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Romney, Fischer obscurely address 'big, anti-Mormon elephant' at Values Voter Summit

Published: Saturday, July 4 2015 10:09 a.m. MDT

Republican presidential candidate, former Governor Mitt Romney, speaks at the Values Voter Summit in Washington, Saturday, Oct. 8, 2011. The cultural conservatives gathered at the summit this weekend care deeply about abortion, gay marriage and other social issues. (Associated Press) Republican presidential candidate, former Governor Mitt Romney, speaks at the Values Voter Summit in Washington, Saturday, Oct. 8, 2011. The cultural conservatives gathered at the summit this weekend care deeply about abortion, gay marriage and other social issues. (Associated Press)

The anticipated back-to-back speaking appearances of Republican presidential candidate Mitt Romney, a member of The Church of Jesus Christ of Latter-day Saints, and Bryan Fischer of the American Family Association, who said recently that Latter-day Saints aren't Christian and are therefore not entitled to First Amendment protections, materialized Saturday morning at the annual Values Voter Summit in Washington, D.C.

Result: a veiled-but-stern reference to Fischer from Romney, and a more direct attack on Romney from Fischer.

New York Magazine reports that Romney "somewhat obscurely" referenced both Fischer and Pastor Robert Jeffress toward the end of his speech. Jeffress, who is associated with another presidential candidate, Texas Gov. Rick Perry, said yesterday that Romney isn't a "genuine follower of Jesus Christ" and later called the LDS Church a "cult." Romney's brief statement, New York Magazine said, "finally got to the big, anti-Mormon elephant in the room."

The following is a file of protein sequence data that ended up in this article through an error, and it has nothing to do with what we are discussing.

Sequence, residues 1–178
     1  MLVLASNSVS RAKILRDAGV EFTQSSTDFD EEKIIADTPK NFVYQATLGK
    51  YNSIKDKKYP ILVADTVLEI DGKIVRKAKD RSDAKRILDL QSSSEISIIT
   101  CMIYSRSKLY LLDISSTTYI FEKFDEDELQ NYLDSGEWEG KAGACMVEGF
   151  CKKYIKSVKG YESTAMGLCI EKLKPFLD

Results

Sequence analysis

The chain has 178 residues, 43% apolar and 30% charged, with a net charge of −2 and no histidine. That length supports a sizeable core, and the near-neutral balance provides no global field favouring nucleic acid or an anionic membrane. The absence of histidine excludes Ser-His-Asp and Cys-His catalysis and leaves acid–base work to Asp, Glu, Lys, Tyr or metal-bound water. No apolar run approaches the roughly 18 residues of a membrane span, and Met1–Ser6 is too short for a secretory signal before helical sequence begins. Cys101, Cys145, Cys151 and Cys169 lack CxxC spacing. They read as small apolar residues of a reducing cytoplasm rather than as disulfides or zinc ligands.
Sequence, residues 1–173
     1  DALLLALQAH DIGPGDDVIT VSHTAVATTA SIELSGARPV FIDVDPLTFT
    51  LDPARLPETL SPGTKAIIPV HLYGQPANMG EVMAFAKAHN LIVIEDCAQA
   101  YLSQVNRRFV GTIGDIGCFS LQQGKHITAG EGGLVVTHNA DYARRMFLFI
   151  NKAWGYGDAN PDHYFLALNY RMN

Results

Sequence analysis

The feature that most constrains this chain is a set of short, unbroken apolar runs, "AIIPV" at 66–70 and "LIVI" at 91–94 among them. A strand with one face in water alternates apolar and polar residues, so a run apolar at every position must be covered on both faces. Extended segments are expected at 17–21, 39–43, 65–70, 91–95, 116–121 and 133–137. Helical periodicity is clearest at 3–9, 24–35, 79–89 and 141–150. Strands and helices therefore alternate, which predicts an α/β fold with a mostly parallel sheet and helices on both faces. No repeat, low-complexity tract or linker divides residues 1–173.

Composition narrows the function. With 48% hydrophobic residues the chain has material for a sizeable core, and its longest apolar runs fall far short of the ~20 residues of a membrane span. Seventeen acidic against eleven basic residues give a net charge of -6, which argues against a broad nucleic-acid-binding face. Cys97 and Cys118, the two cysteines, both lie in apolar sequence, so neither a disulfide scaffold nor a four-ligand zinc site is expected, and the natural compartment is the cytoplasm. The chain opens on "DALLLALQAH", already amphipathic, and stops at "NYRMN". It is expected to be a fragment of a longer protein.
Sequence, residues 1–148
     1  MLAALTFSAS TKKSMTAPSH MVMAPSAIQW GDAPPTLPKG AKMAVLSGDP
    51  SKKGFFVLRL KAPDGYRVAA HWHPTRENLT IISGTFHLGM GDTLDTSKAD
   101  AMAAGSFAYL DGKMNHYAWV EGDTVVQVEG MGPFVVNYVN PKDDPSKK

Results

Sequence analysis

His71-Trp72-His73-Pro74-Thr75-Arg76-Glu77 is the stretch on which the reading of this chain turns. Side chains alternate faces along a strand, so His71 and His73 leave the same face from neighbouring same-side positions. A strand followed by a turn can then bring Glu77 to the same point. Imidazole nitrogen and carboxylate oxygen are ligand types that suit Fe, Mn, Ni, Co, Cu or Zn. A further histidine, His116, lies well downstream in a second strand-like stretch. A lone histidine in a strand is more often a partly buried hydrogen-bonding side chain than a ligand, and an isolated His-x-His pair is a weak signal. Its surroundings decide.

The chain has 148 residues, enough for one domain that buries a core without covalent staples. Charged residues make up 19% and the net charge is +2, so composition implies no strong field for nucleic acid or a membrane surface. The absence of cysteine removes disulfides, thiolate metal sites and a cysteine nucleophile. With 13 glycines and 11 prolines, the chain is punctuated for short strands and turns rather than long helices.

"Our values ennoble the citizen and strengthen the nation," Romney said. "We should remember that decency and civility are values too. One of the speakers who will follow me today has crossed that line, I think. Poisonous language doesn't advance our cause. It's never softened a single heart nor changed a single mind. The blessings of faith carry the responsibility of civil and respectful debate. The task before us is to focus on the conservative beliefs and the values that unite us — let no agenda narrow our vision or drive us apart."

Writing for The Atlantic, reporter Molly Ball wrote that "for Romney, little loved by this crowd anyway, there wasn't much risk in further alienating them with what might be seen as a cry for political correctness. His speech was more dutiful than passionate and didn't receive a single standing ovation."

Following Romney, New York Magazine said Fischer "immediately proclaimed that the next president must be of 'sincere, authentic, genuine, Christian faith'" — a clear statement against Romney, given Fischer's previous comment that he doesn't believe Romney is a Christian.

The Washington Post reported that Fischer also said: "We need a president who believes in the same creator that the Founders believed in."

An LDS Church spokesman said Friday evening "those who want to understand the centrality of Christ to our faith can learn more about us and what we believe by going to mormon.org," a website that explains Latter-day Saints believe that only by Christ's "mercy and grace can anyone be saved."

According to The Nation, Fischer saved his most scathing religious attack for Muslims. The magazine reported that a section of his speech was filled with "ugly anti-Muslim" rhetoric, including the proclamation that "I believe it's important that we have a president who understands that Islam is not a religion of peace but a religion of war and violence and death."

But the strongest rebuke of the morning may have come from Bill Bennett, radio host and former Secretary of Education. Speaking before Romney, Ball reports that Bennett told the audience "they must not 'give voice to bigotry,' arguing that ugly distractions like these would hurt the GOP.

"'I would say to Pastor Jeffress: You stepped on and obscured the words of Perry' as well as the other candidates, Bennett said. 'You did Rick Perry no good, sir, in what you had to say.'"

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